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The other ‘F’ word: Biden sees Trumpism as akin to ‘semi-fascism’

President Biden equated radical Trumpism with "semi-fascism," and while Republicans weren't pleased, the underlying conversation seems worth having.


President Joe Biden yesterday held his first campaign events in a while, and as NBC News noted, the Democrat’s message included a rhetorical escalation of sorts.

President Joe Biden lashed out Thursday night at Republicans who have embraced the “Make America Great Again” philosophy central to Donald Trump’s presidency, saying it’s “like semi-fascism.” Biden made the comment at a fundraiser for Democrats at a home in Bethesda, Md., ahead of a kickoff rally he headlined at a high school in Rockville, Md., to mark the final countdown to November’s midterm elections.

As part of his remarks at a donor event, the president said, “What we’re seeing now is the beginning or the death knell of an extreme MAGA philosophy. It’s not just Trump, it’s the entire philosophy that underpins the — I’m going to say something, it’s like semi-fascism.”

He soon after spoke to a few thousand people packed into a nearby high school gym in Maryland and seemed to flesh out what he meant by the ideological label.

“The MAGA Republicans don’t just threaten our personal rights and economic security,” Biden said. “They’re a threat to our very democracy. They refuse to accept the will of the people. They embrace political violence. They don’t believe in democracy.”

Not surprisingly, Biden’s partisan opponents were not pleased. A spokesperson for the Republican National Committee called the comments “despicable.”

There are a couple of angles to this that stand out. The first is that Republicans aren’t exactly in a credible position when it comes to balking at excessive rhetorical labels.

After all, the party has spent much of the last century accusing Democrats of being “socialists,” without regard for accuracy or even a rudimentary understanding of the word.

What’s more, Donald Trump and other prominent GOP voices have, in recent years, started calling Democrats “communists,” and they seemed to expect the public to take the label seriously, reality notwithstanding.

Republican Sen. Marco Rubio, meanwhile, calls Democrats “Marxists“ with such frequency that if I had a nickel for every time the far-right Floridian used the word I could retire.

At one point in early 2009, some Republicans even tried accusing the Obama White House of engaging in “economic fascism” — not because it made sense, but because some GOP partisans were looking for a new way to “raise the consciousness of the average voter.”

In other words, after years of Republicans trying to apply all kinds of provocative labels to Democrats and progressive ideas, it’s a little rich for the party to clutch its pearls and look for the fainting couch because Biden equated radical Trumpism with “semi-fascism.”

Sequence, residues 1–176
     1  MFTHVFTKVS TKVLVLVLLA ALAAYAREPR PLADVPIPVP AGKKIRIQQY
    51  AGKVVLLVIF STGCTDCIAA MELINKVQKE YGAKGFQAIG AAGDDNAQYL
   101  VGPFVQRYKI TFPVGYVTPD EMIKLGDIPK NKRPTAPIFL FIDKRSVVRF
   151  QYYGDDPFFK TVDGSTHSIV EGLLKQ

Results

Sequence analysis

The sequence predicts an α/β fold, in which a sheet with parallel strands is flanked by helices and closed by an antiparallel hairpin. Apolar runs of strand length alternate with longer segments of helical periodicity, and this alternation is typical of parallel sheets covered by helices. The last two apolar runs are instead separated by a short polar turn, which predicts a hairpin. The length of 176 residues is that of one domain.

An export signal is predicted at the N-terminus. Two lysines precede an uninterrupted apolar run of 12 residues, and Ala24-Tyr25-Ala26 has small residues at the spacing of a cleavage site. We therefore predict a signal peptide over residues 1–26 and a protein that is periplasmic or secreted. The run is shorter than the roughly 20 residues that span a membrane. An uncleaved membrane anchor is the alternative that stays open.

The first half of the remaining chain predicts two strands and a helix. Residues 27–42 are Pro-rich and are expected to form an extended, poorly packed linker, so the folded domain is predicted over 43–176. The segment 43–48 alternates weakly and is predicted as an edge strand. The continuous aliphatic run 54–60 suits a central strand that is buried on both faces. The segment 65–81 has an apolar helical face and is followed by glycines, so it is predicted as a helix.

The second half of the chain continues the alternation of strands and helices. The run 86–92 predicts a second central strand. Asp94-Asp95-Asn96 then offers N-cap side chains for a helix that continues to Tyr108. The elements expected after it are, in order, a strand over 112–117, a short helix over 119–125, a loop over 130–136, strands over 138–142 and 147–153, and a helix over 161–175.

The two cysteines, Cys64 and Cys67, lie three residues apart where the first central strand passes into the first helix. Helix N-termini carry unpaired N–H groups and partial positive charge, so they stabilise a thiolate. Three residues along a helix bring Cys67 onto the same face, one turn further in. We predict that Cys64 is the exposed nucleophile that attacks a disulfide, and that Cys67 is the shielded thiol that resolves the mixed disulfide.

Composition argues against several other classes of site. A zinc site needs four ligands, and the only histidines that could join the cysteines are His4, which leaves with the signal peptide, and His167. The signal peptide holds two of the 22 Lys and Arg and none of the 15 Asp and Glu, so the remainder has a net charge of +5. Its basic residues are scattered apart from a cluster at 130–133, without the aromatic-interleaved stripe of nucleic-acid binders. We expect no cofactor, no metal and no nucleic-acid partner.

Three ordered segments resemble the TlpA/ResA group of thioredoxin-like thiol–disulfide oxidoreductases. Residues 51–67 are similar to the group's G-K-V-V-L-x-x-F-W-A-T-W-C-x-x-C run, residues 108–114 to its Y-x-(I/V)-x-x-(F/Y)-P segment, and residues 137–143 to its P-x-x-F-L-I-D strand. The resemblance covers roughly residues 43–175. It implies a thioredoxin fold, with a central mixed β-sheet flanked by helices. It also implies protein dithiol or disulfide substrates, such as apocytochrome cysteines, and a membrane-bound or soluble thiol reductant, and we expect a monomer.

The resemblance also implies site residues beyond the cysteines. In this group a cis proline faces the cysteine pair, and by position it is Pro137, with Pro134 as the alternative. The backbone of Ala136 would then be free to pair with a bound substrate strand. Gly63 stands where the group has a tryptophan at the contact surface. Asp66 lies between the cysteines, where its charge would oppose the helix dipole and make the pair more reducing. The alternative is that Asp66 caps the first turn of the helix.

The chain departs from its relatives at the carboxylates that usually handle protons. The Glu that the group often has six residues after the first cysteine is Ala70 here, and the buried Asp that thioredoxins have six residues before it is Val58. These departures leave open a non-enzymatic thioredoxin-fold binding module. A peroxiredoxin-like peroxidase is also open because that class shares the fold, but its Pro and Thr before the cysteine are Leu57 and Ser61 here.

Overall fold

All of which leads to the other overarching question: Was the Democratic president correct?

To be sure, there’s long been debate among political scientists about the precise definition of “fascism,” though early last year, The Washington Post’s Michael Gerson — George W. Bush’s former chief speechwriter and an observer no one would seriously describe as a bomb-throwing liberal — wrote a memorable column about the growing number of radicalized Republicans and their contempt for our democratic system of government.

[S]ome have adopted a very different political philosophy than the Founders held. This approach to government promises the recovery of a mythical past. It feeds a sense of White victimhood. It emphasizes emotion over reason. It denigrates experts and expertise. It slanders outsiders and blames them for social and economic ills. It warns of global plots by Jews and shadowy elites. It accepts the lies of a leader as a deeper form of political truth. It revels in anger and dehumanization. It praises law and order while reserving the right to disobey the law and overturn the political order through violence. This is a reality that I have resisted naming. The 45th president and a significant portion of his supporters have embraced American fascism.

Months earlier, in the aftermath of the Jan. 6 attack, The New York Times’ Paul Krugman came to a similar conclusion, writing, “One shouldn’t use the term ‘fascist’ lightly. It isn’t a catchall for ‘people you disagree with.’ ... Donald Trump, however, is indeed a fascist — an authoritarian willing to use violence to achieve his racial nationalist goals.”

People can draw their own conclusions, of course, about whether Biden’s rhetoric was accurate or appropriate, but it’s far more difficult to suggest the underlying conversation is somehow out of bounds.